Despite the predictability, the episode remains intriguing, helped by how quickly the case moves along. Kennex and Dorian locate the missing sex ‘bot but her skin has been removed. Rudy dissects her skull to see if any of her memory can be salvaged. The scene is graphic and disturbing, for Dorian and for the viewer. It also serves to advance a key sub-plot: what happens to synthetics after they die? Unfortunately, all that gore was for nothing: Rudy needs a “live” sex ‘bot if he’s going to be of any help. Kennex and Dorian apprehend Vanessa (Ella Thomas), a-DNA-enhanced synthetic created by the bad guys. She is incredibly sexual, but also very sweet and good at reading people. As Dorian notes, Vanessa was designed to bond with people.
Vanessa is the first non-law enforcement synthetic on Almost Human, and it’s intriguing seeing this softer version. The chemistry between Dorian and Vanessa is quickly established and very natural. Given her capacity for empathy, it’s no surprise that Vanessa and Dorian share similarities in their programming. The actress who played Vanessa is outstanding and really elevates this small but critical role. She uses bird-like head motions and her pleasant but vacant stare that reminds you Vanessa isn’t really human. She’s also incredibly striking and beautiful, consistent with the other synthetics. Almost Human is casting the synthetics so well. Or maybe they’re not really actors, they’re actually androids!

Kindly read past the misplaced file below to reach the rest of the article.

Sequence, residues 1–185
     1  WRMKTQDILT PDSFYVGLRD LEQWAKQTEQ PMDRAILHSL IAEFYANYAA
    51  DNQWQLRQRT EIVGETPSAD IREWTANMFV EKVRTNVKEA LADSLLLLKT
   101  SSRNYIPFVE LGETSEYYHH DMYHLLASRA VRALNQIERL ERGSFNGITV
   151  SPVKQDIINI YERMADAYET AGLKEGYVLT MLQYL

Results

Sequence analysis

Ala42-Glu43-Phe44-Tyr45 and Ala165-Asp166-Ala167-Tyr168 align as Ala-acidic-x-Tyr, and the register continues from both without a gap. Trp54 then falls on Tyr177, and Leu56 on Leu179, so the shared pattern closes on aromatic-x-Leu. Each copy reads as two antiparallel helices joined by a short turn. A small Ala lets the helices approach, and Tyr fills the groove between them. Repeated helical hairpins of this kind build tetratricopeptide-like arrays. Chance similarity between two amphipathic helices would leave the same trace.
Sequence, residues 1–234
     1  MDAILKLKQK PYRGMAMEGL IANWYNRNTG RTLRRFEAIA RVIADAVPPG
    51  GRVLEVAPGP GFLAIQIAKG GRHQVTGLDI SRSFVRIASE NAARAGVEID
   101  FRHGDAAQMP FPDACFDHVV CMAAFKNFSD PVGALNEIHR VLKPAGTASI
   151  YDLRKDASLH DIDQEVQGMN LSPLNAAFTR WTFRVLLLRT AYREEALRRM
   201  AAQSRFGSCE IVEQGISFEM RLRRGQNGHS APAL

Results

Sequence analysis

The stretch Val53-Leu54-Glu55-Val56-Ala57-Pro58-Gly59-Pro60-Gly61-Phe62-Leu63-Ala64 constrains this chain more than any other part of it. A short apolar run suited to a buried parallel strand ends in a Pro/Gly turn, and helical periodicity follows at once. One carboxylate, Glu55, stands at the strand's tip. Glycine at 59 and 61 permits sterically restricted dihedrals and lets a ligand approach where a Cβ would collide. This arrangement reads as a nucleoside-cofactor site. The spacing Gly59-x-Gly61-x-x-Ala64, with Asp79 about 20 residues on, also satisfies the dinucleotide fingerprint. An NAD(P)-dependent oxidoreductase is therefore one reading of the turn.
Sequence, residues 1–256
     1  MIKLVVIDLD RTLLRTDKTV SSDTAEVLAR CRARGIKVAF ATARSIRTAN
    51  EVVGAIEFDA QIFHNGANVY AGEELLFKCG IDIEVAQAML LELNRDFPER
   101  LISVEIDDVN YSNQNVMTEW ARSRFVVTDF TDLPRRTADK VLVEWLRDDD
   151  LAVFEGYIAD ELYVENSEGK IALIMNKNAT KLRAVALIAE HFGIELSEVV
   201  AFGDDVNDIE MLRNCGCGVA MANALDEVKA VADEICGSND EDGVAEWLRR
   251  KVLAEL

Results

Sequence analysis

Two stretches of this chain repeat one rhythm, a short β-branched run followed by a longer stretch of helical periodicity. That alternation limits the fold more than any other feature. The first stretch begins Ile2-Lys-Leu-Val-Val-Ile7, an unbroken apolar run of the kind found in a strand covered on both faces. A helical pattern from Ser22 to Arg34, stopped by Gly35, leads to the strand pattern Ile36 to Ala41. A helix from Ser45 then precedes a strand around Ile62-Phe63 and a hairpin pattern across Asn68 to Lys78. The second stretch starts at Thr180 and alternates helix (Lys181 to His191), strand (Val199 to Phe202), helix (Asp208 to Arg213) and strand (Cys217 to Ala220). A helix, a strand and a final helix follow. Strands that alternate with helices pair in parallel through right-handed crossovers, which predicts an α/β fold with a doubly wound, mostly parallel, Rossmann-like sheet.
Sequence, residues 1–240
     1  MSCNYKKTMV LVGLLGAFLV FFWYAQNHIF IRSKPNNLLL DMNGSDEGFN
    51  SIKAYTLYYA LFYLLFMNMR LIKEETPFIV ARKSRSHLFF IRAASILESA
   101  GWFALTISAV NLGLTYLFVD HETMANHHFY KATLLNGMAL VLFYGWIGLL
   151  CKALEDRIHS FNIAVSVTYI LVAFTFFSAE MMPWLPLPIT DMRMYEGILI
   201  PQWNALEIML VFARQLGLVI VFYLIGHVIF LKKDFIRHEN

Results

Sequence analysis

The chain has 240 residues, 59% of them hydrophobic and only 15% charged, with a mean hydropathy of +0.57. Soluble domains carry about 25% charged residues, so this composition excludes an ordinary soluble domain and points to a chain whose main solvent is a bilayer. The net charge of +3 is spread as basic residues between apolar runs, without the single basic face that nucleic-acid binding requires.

I knew that Dorian would be a focus of the series, but I didn’t expect the show to so quickly establish such a plausible and affecting storyline. Almost all of the best scenes in the episode revolved around Vanessa, particularly her last scene. Dorian stays with Vanessa as she’s permanently deactivated and the entire scene is surprisingly poignant, even though there’s almost no dialogue. This is a credit both actors. The scene also highlights an important sub-plot of the episode: Dorian’s fear of what will happen after he “dies.” Will anyone remember him? Will Kennex, like he remembers his dead partner? It takes a deft hand to make this kind of storyline moving without it becoming ridiculous or unbelievable.